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ERIC Number: EJ924383
Record Type: Journal
Publication Date: 2005-Nov
Pages: 20
Abstractor: As Provided
Reference Count: 67
ISBN: N/A
ISSN: ISSN-1387-1579
Development and Validation of an Instrument for Assessing Distance Education Learning Environments in Higher Education: The Distance Education Learning Environments Survey (DELES)
Walker, Scott L.; Fraser, Barry J.
Learning Environments Research, v8 n3 p289-308 Nov 2005
The purpose of this study was to develop and validate a new learning environments instrument designed to aid investigators and practitioners in measuring and researching the psychosocial learning environment in post-secondary distance education. Using a three-stage approach, the Distance Education Learning Environments Survey (DELES) was developed, field-tested with 680 distance education students, and then validated. The DELES has 34 items allocated to six scales: (1) Instructor Support; (2) Student Interaction and Collaboration; (3) Personal Relevance; (4) Authentic Learning; (5) Active Learning; and (6) Student Autonomy. An additional scale of Enjoyment was included in this study to explore associations between the psychosocial learning environment and student affective traits. Each learning environment item had a factor loading of at least 0.50 with its own scale, and less than 0.50 with all other scales. The alpha reliability coefficient for each scale ranged from 0.75 to 0.94. Simple correlations between Enjoyment and the DELES scales ranged from 0.12 to 0.31, with the scale of Personal Relevance having the strongest correlation with Enjoyment when all other scales were mutually controlled. The DELES, an online instrument that can be utilized by students at any location, eliminates data transfer errors and does not allow for non-responses, adding to the overall validity of the instrument. The development of DELES relied extensively on literature pertaining to high-quality distance education and expert content validation techniques. It treats distance learning as having a distinct social-psychological climate unlike those found in other post-secondary classroom environments.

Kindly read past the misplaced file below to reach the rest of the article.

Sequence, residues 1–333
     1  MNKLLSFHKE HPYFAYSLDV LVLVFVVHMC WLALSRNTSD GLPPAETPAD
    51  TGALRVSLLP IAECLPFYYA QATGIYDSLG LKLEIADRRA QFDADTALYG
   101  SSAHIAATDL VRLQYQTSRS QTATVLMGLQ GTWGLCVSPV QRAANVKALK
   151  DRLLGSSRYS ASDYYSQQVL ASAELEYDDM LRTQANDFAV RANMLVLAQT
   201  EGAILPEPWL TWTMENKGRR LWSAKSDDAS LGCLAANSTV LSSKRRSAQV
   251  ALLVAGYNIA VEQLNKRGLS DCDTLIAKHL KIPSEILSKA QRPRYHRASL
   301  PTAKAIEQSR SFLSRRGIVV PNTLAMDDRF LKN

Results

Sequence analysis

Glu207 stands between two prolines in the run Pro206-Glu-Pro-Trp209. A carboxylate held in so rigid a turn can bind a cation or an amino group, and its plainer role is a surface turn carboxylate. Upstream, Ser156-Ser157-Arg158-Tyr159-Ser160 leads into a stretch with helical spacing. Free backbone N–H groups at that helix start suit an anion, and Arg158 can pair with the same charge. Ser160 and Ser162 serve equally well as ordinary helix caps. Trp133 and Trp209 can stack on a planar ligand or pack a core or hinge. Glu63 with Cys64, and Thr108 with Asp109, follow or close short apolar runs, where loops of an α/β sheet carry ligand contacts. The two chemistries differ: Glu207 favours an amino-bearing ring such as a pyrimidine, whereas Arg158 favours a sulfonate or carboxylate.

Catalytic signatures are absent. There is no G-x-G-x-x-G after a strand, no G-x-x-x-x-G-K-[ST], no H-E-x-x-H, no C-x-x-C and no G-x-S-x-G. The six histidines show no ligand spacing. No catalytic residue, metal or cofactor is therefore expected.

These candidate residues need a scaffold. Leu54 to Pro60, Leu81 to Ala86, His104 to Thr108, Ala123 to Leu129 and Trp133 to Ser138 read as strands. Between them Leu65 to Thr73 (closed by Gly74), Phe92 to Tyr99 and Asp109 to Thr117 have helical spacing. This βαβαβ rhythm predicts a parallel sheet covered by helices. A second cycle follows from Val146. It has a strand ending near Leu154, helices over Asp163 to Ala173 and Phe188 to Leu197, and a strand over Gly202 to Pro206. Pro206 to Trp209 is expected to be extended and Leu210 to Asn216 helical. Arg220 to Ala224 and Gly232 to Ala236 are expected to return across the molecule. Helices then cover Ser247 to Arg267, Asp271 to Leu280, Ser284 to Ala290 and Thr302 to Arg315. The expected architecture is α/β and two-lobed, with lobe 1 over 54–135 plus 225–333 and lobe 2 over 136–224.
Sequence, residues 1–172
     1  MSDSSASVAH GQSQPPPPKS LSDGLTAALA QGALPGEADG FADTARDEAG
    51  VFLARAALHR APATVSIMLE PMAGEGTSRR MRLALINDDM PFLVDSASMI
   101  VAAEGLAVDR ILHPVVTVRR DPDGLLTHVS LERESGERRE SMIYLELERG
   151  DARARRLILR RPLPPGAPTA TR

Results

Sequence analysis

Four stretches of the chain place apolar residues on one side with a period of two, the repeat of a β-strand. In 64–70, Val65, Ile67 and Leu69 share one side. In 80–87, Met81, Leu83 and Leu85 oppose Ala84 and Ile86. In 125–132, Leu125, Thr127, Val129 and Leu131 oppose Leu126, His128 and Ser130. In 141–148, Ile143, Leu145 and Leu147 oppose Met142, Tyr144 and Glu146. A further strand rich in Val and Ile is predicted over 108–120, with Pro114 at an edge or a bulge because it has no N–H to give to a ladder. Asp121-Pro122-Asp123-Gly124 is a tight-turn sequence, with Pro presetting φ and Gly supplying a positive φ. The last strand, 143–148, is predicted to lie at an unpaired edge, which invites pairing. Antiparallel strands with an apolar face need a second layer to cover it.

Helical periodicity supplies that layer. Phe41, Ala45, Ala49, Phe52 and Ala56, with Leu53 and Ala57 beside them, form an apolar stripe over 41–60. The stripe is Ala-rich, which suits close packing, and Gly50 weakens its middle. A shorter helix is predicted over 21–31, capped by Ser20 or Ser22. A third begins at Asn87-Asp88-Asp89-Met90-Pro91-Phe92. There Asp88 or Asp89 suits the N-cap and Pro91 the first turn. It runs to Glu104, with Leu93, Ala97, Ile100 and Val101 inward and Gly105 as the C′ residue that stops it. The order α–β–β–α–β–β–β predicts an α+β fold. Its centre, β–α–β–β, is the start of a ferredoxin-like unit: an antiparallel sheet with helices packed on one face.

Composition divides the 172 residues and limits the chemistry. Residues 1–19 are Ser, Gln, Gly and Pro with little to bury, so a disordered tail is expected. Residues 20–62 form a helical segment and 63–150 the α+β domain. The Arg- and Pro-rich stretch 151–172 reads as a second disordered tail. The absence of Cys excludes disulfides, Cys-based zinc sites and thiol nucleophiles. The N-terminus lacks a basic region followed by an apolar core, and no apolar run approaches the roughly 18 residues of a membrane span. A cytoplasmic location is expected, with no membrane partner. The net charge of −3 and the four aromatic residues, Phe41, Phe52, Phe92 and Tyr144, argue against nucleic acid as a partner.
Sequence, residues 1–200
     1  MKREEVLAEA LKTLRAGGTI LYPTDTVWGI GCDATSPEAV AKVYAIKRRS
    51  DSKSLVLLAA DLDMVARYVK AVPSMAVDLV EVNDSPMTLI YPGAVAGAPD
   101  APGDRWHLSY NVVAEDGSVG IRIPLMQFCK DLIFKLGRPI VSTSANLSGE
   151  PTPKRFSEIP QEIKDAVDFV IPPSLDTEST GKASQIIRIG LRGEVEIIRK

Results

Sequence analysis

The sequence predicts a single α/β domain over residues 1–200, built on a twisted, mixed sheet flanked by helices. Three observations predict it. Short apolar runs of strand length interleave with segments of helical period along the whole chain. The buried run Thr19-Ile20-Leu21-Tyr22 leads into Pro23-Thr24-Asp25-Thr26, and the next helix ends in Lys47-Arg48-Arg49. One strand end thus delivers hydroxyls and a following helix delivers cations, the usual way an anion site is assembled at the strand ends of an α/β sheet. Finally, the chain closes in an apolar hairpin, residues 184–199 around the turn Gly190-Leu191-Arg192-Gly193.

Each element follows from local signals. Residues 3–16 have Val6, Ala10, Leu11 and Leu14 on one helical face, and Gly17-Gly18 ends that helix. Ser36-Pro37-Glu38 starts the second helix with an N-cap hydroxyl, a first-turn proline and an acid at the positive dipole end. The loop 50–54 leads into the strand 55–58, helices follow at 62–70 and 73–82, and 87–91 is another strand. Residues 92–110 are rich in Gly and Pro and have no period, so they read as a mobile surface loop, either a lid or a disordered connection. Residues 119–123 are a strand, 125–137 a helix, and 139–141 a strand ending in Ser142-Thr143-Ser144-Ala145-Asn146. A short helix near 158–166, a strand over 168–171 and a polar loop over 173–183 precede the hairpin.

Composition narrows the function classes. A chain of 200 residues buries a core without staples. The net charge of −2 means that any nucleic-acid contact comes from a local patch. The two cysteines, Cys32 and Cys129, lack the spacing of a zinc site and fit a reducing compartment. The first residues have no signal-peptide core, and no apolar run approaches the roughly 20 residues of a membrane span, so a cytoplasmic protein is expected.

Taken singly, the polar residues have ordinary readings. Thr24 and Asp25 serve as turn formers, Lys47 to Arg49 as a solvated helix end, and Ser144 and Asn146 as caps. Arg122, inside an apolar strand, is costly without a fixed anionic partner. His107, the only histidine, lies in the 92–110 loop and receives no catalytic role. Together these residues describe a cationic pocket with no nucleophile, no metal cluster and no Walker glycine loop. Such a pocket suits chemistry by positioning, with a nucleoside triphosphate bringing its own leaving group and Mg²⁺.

Springer. 233 Spring Street, New York, NY 10013. Tel: 800-777-4643; Tel: 212-460-1500; Fax: 212-348-4505; e-mail: service-ny@springer.com; Web site: http://www.springerlink.com
Publication Type: Journal Articles; Reports - Research
Education Level: Postsecondary Education
Audience: N/A
Language: English
Sponsor: N/A
Authoring Institution: N/A